Last week, Square Enix Montreal launched Lara Croft Go on iOS and Android. Early indicators are that the game is a success; it boasts an impressive 84 Metacritic average, and shortly after launch was second on the App Store's Top Paid Apps chart, behind only Minecraft: Pocket Edition.
At the moment, it seems like a worthy follow-up to last year's Hitman Go, a similar conversion of a hit Square Enix franchise into a premium, turn-based mobile game. Daniel Lutz served as director for both projects, and he recently discussed the approach he took on both games with GamesIndustry.biz.
"Our approach was not just to make a port of a AAA game or a re-skin of an existing mobile game with these franchises on top, but rather build experiences from the ground up"
"I think the interesting thing for us was really to look at the big AAA franchises and build something specifically designed for these franchises," Lutz said. "Our approach was not just to make a port of a AAA game or a re-skin of an existing mobile game with these franchises on top, but rather build experiences from the ground up."
For Hitman Go, that meant turning the open-ended assassination game into a turn-based puzzle game with a board game visual motif.
"Hitman is kind of a thinking man's game," Lutz said. "You're orchestrating this hit in the big games where you play your enemies like pawns. It really has this board game, puppeteering thing going on so we really felt this aesthetic would go great with that."
Even though players were simply sliding Agent 47 around a board one square at a time, Lutz and his team used the premise to incorporate some key Hitman game mechanics. Players had to infiltrate areas, trigger distractions to sneak past guards, and assassinate targets in a way that felt authentic to the source material, but also worked in the confines of a pick-up-and-play mobile experience.
"These mechanics obviously didn't make any sense for Lara Croft," Lutz said. "So we were really looking at the classic mechanics, things that have been around in Tomb Raider games for almost 20 years now. And we looked at what are the core --almost tropes--the cool things people would expect and the cool things we really liked about these games, and how we could translate them into this game without just reusing Hitman Go mechanics."
Some of the answers the team came up with will be familiar to anyone with experience of the Tomb Raider franchise: pressure plate traps, pushing large objects around a level, flicking switches and moving platforms. Lara Croft is also a more proactive character than the patient Agent 47, Lutz said, so the developers needed a more dynamic art direction that made sense for her, one with fully animated models instead of Hitman Go's sculpted board game pieces.
The result is a game that must stay true to multiple brands. It's helping shape the emerging Go brand, which at this point may be defined as premium mobile adaptations of Square Enix's beloved AAA brands. It's also a Tomb Raider game, with all the exploration and adventure of the long-running franchise. But it's also a Lara Croft game, Square Enix's umbrella for spin-offs of the Tomb Raider franchise, things outside the current AAA major releases that play more to nostalgia for the series' earlier days.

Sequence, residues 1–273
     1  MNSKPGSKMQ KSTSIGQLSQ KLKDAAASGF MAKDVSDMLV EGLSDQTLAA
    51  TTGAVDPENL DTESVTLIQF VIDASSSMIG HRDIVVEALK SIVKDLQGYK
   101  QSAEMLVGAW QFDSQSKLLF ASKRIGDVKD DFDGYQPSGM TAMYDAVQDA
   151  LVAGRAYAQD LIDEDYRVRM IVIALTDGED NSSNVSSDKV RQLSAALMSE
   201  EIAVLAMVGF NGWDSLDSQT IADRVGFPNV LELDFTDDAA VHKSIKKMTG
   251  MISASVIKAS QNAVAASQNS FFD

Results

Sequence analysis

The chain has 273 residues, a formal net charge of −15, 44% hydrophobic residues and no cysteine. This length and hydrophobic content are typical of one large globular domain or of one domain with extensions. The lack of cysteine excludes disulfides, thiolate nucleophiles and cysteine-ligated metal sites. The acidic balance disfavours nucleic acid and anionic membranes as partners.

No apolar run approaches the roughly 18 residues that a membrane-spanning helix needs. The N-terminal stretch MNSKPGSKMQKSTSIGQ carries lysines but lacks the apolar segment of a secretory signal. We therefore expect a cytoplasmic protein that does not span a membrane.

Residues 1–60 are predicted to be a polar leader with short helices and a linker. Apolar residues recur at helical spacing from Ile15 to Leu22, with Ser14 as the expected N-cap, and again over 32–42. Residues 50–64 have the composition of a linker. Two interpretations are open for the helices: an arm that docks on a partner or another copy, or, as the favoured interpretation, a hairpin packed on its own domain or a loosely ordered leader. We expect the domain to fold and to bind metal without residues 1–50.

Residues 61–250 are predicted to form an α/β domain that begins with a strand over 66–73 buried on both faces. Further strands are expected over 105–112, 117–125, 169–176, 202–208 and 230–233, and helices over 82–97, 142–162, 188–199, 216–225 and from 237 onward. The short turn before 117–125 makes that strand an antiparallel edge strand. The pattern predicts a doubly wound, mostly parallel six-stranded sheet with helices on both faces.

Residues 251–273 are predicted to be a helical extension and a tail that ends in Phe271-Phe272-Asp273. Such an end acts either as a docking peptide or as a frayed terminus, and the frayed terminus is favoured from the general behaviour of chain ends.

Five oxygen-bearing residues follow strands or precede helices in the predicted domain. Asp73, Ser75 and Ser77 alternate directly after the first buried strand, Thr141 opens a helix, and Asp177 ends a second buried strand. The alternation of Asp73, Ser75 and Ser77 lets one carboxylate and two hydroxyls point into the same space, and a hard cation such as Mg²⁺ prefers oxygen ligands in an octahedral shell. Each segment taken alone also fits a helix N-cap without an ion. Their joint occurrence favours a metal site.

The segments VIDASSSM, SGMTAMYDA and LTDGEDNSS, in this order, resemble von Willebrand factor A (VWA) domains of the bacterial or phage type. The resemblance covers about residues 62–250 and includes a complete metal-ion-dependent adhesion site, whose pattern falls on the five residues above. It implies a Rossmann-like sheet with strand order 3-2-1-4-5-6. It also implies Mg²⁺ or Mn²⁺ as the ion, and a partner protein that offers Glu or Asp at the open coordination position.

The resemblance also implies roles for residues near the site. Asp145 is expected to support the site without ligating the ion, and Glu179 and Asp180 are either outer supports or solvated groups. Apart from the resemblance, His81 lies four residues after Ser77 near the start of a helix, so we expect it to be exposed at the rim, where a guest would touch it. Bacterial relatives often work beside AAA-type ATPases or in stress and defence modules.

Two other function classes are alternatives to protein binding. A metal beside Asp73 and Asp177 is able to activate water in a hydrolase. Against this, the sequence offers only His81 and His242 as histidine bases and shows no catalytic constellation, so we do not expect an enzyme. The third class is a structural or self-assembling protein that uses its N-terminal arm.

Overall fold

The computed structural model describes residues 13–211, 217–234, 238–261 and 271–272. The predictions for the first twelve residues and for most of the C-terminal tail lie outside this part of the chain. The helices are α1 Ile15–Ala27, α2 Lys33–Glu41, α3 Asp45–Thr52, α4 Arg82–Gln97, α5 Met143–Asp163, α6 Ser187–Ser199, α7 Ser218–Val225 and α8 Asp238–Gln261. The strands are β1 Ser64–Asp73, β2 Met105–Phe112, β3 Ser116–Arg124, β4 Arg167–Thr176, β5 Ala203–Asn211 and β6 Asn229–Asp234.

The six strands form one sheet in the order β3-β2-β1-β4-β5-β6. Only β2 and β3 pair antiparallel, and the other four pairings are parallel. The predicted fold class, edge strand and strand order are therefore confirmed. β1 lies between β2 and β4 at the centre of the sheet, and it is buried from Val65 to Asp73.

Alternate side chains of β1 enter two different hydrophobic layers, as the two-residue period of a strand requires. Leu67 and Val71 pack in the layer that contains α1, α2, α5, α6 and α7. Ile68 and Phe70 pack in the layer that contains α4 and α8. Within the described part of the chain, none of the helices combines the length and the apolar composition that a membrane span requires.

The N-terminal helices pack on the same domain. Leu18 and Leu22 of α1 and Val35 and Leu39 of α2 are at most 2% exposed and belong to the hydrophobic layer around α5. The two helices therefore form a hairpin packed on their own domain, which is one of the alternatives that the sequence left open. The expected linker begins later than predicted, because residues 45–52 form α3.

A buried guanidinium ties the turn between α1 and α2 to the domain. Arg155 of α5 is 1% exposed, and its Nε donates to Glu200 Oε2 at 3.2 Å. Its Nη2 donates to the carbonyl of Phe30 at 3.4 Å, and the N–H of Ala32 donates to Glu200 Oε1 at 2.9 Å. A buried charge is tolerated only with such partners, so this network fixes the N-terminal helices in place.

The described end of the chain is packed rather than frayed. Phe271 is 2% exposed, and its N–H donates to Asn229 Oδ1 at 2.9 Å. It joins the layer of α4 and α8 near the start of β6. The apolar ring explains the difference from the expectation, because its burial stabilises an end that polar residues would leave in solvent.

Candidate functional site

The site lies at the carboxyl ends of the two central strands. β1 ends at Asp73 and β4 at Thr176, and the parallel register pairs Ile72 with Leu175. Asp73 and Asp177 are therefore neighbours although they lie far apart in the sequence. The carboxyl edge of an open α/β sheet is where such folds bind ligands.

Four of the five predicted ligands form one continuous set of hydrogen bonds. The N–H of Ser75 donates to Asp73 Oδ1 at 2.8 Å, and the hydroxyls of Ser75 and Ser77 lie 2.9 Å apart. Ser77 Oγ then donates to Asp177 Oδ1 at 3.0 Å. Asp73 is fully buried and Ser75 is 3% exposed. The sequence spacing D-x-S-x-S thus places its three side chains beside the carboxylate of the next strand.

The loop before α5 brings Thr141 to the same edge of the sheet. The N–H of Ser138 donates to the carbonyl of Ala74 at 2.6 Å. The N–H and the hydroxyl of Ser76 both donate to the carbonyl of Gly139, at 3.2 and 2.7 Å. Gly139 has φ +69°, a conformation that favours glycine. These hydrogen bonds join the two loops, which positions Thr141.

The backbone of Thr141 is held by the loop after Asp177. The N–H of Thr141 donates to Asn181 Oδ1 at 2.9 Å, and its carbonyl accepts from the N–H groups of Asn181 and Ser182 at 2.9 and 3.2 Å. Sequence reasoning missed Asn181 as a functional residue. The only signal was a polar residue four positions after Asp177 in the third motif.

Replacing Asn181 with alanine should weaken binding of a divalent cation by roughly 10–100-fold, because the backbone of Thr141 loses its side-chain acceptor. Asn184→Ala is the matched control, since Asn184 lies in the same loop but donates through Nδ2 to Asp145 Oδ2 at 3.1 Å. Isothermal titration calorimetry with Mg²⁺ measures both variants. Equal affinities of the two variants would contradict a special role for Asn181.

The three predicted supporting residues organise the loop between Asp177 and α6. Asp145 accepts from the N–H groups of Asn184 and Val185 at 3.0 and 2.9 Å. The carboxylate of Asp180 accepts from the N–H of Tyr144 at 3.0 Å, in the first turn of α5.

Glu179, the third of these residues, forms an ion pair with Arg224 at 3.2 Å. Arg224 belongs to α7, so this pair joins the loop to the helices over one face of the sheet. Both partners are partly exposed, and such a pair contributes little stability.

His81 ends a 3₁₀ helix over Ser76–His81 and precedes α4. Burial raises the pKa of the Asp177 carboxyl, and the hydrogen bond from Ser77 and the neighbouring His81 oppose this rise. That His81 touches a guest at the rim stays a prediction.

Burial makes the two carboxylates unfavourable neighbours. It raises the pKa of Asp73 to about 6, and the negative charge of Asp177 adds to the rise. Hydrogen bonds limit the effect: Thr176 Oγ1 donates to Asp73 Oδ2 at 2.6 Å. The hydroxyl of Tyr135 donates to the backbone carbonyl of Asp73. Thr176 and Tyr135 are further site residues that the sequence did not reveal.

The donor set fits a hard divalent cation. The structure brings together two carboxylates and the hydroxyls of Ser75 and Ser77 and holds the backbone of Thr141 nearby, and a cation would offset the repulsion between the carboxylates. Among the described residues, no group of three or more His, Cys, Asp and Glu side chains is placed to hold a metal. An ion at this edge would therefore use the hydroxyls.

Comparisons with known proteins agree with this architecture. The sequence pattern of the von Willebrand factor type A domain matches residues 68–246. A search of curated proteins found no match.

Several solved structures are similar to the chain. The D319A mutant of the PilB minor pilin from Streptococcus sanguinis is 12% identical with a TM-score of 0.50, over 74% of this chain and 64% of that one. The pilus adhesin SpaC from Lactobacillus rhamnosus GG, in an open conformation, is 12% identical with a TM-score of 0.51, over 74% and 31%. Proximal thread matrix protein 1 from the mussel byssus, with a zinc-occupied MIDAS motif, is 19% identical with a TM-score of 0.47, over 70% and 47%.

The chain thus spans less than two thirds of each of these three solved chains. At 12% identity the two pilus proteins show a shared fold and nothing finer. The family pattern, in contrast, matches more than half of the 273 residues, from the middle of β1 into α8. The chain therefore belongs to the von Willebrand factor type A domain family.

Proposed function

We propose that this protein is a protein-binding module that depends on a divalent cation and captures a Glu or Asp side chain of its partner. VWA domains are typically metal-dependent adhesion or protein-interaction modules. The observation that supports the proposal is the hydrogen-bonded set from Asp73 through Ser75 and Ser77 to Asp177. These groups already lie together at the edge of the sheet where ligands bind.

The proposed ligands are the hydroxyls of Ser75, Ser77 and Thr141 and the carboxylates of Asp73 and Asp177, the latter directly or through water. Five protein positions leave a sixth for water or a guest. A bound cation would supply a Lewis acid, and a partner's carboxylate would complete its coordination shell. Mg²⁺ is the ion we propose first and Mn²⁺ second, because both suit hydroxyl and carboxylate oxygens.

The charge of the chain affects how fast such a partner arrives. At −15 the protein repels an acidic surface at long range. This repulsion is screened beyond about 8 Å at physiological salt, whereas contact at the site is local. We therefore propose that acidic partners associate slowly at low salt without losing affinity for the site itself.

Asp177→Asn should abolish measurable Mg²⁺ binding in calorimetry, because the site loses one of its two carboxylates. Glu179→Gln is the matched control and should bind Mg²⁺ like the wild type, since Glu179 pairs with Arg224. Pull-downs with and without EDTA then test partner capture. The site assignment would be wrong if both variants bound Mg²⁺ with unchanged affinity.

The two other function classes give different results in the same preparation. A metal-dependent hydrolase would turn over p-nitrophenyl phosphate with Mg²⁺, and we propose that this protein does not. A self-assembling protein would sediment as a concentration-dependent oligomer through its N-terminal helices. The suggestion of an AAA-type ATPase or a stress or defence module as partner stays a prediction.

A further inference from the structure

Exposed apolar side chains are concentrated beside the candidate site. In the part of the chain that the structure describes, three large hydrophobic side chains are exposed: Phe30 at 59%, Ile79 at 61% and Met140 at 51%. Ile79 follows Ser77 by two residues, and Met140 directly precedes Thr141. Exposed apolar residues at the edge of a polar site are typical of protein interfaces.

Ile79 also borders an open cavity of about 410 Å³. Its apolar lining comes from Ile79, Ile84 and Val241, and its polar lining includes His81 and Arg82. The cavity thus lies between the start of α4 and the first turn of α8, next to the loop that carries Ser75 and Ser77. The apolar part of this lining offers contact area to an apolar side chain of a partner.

"The market is very free-to-play oriented on mobile, so us coming out and making a premium game is a strong statement. It's something we believe in"
"I feel like Lara Croft and Tomb Radier games have a lot in common, but I see it almost like they're different takes on the same universe. You see that a lot in comic books and different franchises. It makes all the sense for Tomb Raider and Lara Croft to do something like that."
It's only been a year and a half since Hitman Go launched, but even in that time Lutz has seen the mobile market change significantly.
"I think it's really splitting up," he said. "On one side, you have the top-end free-to-play companies that make a huge amount of money, then you have a lot of indie developers operating on low costs that can afford to make games that are not strictly successful in financial terms, but the middle ground isn't really sustainable anymore. It's going to two extremes, the super big games and really small games... Especially when it comes to independent developers, you read a lot about them moving away from mobile now because it's just become so incredibly competitive, there are so many games coming out that it's just extremely difficult to make something financially viable."
That said, Lutz acknowledged that he's been making a living of late existing in the middle ground between those extremes.
"The market is very free-to-play oriented on mobile, so us coming out and making a premium game is a strong statement. It's something we believe in. There has to be a balance between following the trends and following what's going on at the moment, but also being proactive and creating our own space... I really believe in creating your own niche, creating your own spot. I think we're doing a great job of that and I would not be surprised to see more people going for that and trying to create something that is not available from other companies in the market at the moment."